Biography

Ross Hendy

Ph.D Student


Biography

Research Topic

The topic of Ross' PhD research project is to examine the way in which routinely unarmed police officers resolve conflict in their day-to-day work. The study will look at police-citizen interactions in England, New Zealand, and Norway using a mixed method approach. Ross' PhD research is being supervised by Dr. Justice Tankebe.

Education

2014-2016  Dawes Scholar
Institute of Criminology, University of Cambridge, Cambridge, United Kingdom
2013-2016  PhD Candidate, Wakefield Scholar
Institute of Criminology, University of Cambridge, Cambridge, United Kingdom
2009-2011  Master of Strategic Studies (M.S.S.) (Merit)
School of Government, Victoria University of Wellington, New Zealand
Thesis topic: The strategic impact of routinely arming the New Zealand Police
1992-1994  Bachelor of Music, Composition (B.Mus)
School of Music, Victoria University of Wellington, New Zealand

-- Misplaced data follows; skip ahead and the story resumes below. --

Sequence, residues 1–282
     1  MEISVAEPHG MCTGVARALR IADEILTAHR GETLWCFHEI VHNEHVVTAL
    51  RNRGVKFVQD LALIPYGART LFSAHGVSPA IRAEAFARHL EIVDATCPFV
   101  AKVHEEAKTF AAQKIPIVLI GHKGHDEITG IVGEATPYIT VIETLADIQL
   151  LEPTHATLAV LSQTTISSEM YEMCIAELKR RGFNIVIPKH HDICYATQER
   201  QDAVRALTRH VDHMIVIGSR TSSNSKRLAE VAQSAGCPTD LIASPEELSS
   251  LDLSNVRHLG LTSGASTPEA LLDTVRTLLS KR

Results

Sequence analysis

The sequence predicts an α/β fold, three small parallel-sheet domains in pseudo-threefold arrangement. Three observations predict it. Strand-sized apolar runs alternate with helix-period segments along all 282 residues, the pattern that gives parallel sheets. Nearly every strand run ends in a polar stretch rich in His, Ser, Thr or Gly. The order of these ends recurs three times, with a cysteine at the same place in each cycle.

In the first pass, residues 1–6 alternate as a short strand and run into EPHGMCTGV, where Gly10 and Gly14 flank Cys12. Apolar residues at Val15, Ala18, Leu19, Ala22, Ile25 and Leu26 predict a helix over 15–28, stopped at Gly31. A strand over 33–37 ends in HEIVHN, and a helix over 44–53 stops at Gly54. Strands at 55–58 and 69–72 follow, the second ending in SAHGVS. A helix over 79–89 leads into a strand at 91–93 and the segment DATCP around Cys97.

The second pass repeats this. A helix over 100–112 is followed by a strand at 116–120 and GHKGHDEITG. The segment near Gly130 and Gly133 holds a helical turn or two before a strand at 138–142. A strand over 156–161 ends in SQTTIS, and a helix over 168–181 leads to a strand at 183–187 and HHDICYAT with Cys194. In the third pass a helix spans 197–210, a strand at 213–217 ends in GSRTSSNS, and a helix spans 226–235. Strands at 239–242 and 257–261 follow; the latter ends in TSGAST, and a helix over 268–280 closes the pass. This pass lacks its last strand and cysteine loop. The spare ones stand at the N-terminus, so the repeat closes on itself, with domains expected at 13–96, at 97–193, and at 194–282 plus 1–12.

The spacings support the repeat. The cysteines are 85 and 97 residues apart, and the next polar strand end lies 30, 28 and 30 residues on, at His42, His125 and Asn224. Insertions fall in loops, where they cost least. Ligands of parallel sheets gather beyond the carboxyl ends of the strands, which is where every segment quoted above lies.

Awards & Distinctions

2014-2016  Dawes Scholar, Institute of Criminology, University of Cambridge
2013-2016  Wakefield Scholar, Institute of Criminology, University of Cambridge

Publications

  • Hendy, R. (2014). Routinely Armed and Unarmed Police: What can the Scandinavian Experience Teach us? Policing: A Journal of Policy and Practice. 8(2) 183-192.

Research Interests

  • Intelligence Studies
  • Police Legitimacy
  • Police Use of Force
  • Policing
  • Policing Studies
  • Strategic Studies

Conference Presentations

2014  Conflict Resolution techniques by routinely unarmed police officers: a practitioner's consideration of the literature presented at the inaugural Perspectives on Conflict conference, 6 June 2014, University of Glasgow.
2013  Exploring the Strategic Impact of Routine Arming the New Zealand Police presented at Issues in Crime and Justice, June 2013, Victoria University of Wellington, New Zealand
2012  Exploring the Strategic Impact of Routine Arming the New Zealand Police presented at Australia New Zealand Society of Criminology, Annual Conference November 2012, University of Auckland, New Zealand